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Multistate Tax Alert: Proposed Ohio Financial Institutions Tax

On March 16, 2012, Governor Kasich made public the legislative language for Ohio’s new tax on financial institutions, including nonbank financial organizations. Taxpayers need to understand the basic aspects of the proposed tax and consider how it might impact their business.

Our initial observations concerning this proposed tax on financial institutions are as follows:

  • Apportionment factor only takes into account gross receipts reported for purposes of FR Y-9, or call report, and the provisions are vague in some areas. For example:
    • How are dividends and other types of noncustomer revenue sitused?
    • Is trading revenue included in the factor?
    • What is the definition of “capital asset”?
  • Businesses must consider which entities are included in a FR Y-9 Report, a call report, or are considered to be a nonbank financial organization (i.e., a dealer in intangibles) because all those entities are subjected to this tax. Such entities are not subjected to the CAT.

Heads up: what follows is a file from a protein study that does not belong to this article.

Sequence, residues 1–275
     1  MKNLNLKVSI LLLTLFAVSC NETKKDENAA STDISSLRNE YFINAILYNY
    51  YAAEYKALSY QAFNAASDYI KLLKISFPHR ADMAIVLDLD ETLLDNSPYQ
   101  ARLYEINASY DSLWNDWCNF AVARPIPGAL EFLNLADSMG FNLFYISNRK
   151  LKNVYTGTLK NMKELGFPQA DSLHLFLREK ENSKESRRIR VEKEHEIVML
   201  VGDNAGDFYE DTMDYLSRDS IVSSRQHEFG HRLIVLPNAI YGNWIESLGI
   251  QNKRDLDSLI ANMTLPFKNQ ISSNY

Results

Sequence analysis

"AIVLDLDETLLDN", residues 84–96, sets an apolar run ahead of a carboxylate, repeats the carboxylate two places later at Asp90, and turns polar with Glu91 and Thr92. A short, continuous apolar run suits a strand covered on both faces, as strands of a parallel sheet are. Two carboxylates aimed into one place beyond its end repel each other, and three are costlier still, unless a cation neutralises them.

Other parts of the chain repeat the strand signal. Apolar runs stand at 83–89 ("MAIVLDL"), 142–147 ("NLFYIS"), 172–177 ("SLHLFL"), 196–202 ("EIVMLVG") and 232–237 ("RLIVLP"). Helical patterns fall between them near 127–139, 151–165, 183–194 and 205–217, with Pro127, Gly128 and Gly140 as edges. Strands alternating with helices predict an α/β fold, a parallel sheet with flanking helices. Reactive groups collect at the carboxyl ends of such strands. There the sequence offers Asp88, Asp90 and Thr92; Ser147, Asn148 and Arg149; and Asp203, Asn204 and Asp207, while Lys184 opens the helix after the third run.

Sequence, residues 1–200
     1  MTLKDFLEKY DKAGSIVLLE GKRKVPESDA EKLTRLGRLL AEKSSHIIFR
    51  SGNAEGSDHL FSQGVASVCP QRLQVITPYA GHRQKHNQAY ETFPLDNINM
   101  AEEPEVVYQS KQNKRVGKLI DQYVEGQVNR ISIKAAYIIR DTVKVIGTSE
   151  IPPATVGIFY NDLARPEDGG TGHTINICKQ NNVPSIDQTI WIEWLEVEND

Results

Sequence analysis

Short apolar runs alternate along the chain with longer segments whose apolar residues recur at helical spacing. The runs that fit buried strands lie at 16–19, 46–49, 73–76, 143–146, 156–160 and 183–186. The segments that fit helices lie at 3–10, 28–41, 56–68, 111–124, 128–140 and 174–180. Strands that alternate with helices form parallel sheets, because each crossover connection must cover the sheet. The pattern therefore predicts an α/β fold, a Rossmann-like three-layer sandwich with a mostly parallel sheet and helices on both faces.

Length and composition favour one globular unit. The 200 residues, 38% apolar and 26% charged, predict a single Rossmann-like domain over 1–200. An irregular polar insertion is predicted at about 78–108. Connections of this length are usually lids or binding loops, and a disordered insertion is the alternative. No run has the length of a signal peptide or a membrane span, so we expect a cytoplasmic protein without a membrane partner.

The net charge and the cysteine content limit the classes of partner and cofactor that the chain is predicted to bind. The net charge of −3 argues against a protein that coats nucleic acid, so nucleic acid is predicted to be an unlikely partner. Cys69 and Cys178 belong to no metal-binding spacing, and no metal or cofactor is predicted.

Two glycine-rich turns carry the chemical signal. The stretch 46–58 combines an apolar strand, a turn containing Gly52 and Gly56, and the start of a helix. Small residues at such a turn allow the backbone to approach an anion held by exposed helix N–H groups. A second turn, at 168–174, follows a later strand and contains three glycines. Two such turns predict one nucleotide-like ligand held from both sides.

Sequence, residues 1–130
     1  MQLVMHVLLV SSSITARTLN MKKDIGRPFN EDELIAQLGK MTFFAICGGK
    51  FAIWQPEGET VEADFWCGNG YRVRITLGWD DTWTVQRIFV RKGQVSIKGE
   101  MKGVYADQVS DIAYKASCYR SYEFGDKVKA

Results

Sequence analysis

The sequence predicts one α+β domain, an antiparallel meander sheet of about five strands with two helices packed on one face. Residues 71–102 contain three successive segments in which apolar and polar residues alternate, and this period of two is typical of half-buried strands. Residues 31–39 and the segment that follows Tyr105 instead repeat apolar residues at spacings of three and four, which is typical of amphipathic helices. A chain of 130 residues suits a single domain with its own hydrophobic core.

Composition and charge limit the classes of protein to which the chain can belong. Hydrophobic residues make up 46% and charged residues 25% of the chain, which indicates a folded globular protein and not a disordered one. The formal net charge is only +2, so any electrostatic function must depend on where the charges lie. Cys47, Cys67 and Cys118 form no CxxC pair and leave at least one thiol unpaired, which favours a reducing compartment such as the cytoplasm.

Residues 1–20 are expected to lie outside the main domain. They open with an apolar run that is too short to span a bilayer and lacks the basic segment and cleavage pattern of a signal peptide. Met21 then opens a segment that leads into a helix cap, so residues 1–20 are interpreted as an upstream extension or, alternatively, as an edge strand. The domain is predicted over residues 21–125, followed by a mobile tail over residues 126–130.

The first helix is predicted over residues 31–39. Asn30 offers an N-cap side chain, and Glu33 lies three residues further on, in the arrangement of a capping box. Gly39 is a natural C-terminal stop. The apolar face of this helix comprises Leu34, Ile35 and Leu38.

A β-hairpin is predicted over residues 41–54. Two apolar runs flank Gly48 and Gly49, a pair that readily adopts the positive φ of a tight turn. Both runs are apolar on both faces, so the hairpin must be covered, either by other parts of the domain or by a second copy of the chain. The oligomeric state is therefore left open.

• A nonbank financial organization essentially expands the definition of the dealers in intangibles to also include such entities that do not have an Ohio office but would otherwise constitute a dealer in intangibles.
  • The tax commissioner is directed to draft rules regarding when an entity is considered to be “primarily engaged” in nonbank financial organization activities. This adds to the uncertainty of how the new tax will be applied.
  • The tax rate could increase or decrease automatically if receipts are 10% more or less than predicted after the first year, which leads to further uncertainty.